“There is no justification for making the climate even warmer than it is. It is a matter of how much CO2 we will emit into the atmosphere. Basically, it will affect all generations, and if we care about them, we should stop using fossil fuel as soon as possible.”

Sounds sensible to me.

Date

January 25, 2016 | 3:55 pm

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Cloudy skies speed up Greenland melt

Greenland ice sheet, photo by Irene Quaile

If the Greenland ice sheet were to melt completely, sea level could rise by 7 metres (pic: I.Quaile)

With Greenland known to be one of the main contributors to global sea level rise, mainly through increased meltwater runoff, it is hardly surprising that there is increasing and widespread scientific interest in finding out exactly what factors influence the melting and to what extent. Approximately half of Greenland’s current annual mass loss is attributed to runoff from surface melt.

In my last Ice Blog post, I looked at a study showing that recent atmospheric warming is reducing the ability of some layers of the Greenland ice sheet to store meltwater. That, in turn, can mean runoff is released into the ocean faster than previously assumed, rushing down a kind of icy chute.

Clouds as a night-time warmer

This week, a study led by the University of Leuven in Belgium was published in Nature Communications that suggests that clouds are playing a greater role in this whole process than previously thought. The study concludes that clouds could be enhancing meltwater runoff by about a third relative to clear skies. The scientists used a combination of satellite observations, ground observations, climate model data and snow model simulations.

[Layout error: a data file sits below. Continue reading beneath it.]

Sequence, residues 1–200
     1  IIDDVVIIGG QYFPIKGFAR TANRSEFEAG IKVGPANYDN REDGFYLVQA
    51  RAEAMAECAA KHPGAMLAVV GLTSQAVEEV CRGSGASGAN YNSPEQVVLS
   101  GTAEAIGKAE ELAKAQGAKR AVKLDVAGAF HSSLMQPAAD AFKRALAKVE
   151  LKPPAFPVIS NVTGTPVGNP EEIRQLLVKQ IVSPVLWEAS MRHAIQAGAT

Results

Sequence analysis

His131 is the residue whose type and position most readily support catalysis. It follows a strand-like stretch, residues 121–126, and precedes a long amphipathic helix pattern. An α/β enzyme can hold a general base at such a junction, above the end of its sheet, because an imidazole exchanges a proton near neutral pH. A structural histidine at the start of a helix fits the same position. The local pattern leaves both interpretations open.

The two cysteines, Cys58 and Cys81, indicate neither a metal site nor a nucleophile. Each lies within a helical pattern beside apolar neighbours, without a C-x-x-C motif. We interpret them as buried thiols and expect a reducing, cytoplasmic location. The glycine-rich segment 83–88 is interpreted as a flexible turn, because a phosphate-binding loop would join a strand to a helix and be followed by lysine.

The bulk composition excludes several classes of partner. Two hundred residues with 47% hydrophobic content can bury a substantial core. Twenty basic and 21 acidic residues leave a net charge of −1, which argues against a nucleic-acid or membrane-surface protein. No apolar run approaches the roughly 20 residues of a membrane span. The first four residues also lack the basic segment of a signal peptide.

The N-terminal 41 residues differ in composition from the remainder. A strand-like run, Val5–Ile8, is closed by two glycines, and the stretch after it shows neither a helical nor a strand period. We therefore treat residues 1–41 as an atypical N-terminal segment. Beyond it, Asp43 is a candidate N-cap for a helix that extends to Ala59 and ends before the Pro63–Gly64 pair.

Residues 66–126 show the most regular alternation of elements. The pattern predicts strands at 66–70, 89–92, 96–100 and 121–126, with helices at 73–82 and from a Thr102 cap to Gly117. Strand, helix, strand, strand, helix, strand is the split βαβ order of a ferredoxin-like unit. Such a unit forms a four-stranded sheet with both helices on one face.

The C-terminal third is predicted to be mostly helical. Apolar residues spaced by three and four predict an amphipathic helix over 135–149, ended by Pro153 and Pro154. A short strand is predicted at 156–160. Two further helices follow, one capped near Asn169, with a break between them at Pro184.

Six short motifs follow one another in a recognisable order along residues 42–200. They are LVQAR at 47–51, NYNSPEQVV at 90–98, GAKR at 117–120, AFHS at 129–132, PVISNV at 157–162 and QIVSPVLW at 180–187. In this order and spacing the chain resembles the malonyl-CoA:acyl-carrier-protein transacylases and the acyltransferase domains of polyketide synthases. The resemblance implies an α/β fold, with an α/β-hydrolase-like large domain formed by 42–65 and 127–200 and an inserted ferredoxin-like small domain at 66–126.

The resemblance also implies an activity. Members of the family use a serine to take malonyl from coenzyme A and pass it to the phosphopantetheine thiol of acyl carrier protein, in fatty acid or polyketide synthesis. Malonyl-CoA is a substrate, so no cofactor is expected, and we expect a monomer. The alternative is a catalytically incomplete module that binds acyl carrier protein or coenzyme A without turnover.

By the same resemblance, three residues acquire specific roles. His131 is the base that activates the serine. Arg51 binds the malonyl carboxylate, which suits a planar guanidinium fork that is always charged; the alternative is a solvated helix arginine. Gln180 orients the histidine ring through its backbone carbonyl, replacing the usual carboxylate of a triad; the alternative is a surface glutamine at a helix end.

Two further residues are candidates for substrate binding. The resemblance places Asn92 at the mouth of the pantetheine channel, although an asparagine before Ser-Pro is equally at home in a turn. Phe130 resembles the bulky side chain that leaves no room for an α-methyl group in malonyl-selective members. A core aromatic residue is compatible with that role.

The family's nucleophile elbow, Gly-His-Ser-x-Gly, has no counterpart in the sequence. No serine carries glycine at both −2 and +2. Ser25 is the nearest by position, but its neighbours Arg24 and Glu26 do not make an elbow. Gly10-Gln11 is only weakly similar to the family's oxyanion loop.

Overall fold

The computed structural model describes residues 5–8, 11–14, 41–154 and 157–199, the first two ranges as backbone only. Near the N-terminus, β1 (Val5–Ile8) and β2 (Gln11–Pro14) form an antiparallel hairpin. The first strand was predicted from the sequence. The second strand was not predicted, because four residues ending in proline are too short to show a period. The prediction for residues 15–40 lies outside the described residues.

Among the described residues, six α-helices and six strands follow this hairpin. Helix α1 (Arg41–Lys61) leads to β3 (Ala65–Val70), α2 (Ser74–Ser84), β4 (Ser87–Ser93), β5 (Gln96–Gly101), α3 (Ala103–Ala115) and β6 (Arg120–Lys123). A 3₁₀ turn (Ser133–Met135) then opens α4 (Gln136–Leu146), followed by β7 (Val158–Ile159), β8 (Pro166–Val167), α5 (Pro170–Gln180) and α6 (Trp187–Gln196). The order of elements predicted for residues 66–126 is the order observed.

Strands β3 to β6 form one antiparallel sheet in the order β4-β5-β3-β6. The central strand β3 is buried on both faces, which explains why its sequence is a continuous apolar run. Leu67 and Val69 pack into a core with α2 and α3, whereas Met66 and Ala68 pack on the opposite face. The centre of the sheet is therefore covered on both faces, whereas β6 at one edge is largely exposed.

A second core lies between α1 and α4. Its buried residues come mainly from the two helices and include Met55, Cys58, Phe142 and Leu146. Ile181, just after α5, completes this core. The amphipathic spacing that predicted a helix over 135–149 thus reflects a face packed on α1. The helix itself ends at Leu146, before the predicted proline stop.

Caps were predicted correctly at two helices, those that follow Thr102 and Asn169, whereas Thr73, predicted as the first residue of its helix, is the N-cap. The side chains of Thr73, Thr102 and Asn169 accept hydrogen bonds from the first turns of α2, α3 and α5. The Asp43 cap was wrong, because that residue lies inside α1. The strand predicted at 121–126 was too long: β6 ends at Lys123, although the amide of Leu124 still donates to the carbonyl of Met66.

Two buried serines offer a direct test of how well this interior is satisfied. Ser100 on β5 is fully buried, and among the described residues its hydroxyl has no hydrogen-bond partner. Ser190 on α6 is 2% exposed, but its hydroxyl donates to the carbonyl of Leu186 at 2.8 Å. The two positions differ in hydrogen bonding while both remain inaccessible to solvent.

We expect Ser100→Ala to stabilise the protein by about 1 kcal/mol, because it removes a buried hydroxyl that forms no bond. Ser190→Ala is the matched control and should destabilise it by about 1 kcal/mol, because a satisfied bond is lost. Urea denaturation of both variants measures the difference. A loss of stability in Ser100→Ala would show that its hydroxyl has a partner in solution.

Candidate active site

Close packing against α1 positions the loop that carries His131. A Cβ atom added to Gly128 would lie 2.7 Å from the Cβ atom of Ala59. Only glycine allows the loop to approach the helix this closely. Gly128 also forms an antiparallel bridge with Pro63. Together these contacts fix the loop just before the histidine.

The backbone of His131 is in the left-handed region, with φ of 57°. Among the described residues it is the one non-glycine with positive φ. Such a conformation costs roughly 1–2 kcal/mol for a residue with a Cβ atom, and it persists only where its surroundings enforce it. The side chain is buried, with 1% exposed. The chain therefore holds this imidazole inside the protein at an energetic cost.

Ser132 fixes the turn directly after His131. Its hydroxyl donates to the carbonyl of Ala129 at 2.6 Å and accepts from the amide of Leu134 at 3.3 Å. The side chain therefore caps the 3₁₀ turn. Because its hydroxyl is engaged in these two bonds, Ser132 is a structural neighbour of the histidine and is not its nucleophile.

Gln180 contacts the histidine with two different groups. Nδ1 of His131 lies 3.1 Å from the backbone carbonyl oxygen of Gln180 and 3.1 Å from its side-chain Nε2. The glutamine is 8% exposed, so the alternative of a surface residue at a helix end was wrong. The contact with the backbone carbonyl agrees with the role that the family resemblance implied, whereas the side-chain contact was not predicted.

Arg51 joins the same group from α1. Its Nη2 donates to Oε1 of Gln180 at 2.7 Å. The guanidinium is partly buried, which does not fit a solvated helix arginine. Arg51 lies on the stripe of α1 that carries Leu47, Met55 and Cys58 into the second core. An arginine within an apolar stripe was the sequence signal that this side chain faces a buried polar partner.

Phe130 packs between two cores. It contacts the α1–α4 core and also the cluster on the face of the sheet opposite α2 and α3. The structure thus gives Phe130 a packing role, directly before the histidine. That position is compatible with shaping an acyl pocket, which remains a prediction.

The impact is not just because the radiative effect of the clouds directly increases surface melt, but because the clouds actually reduce meltwater refreezing at night. They trap heat like a kind of blanket.

Tristan L’Ecuyer, professor in the Department of Atmospheric and Oceanic Sciences at the University of Wisconsin-Madison and co author of the study, is quoted on the phys. Org science website as saying we could be dealing with another foot of sea level rise around the world over the next 80 years. “Parts of Miami and New York City are less than two feet above sea level; another foot of sea level rise and suddenly you have water in the city”, he warns.

L’Ecuyer stresses that clouds are still not adequately accounted for in climate models. He also stresses that climate models have not kept pace with the rate of melting actually observed on the Greenland ice Sheet.

An impressive view of the Tromso station.

Satellite monitoring could be the key to understanding the role of clouds (Pic. I.Quaile, Tromso)

Viewing clouds from above

Improved satellite coverage is improving the situation. L’Eciyer is affiliated with the UW-Madison Space Science and Engineering Center, a pioneer institute in satellite meteorology. Within the last 10 years, NASA has launched two satellites which, L’Ecuyer says, have changed our view of what clouds look like around the planet. He used “X-ray images” of Greenland’s clouds taken by CloudSat and CALIPSP between 2007 and 2010 to determine the structure of clouds, how high they were in the atmosphere, their vertical thickness and whether they were composed of ice or liquid. The Belgian team combined this data with ground-based observations, snow model simulations and climate model data to map the net effect of clouds. This indicated that cloud cover prevents ice that melts in the daytime sunlight from refreezing at night. That, in turn, flows off as meltwater.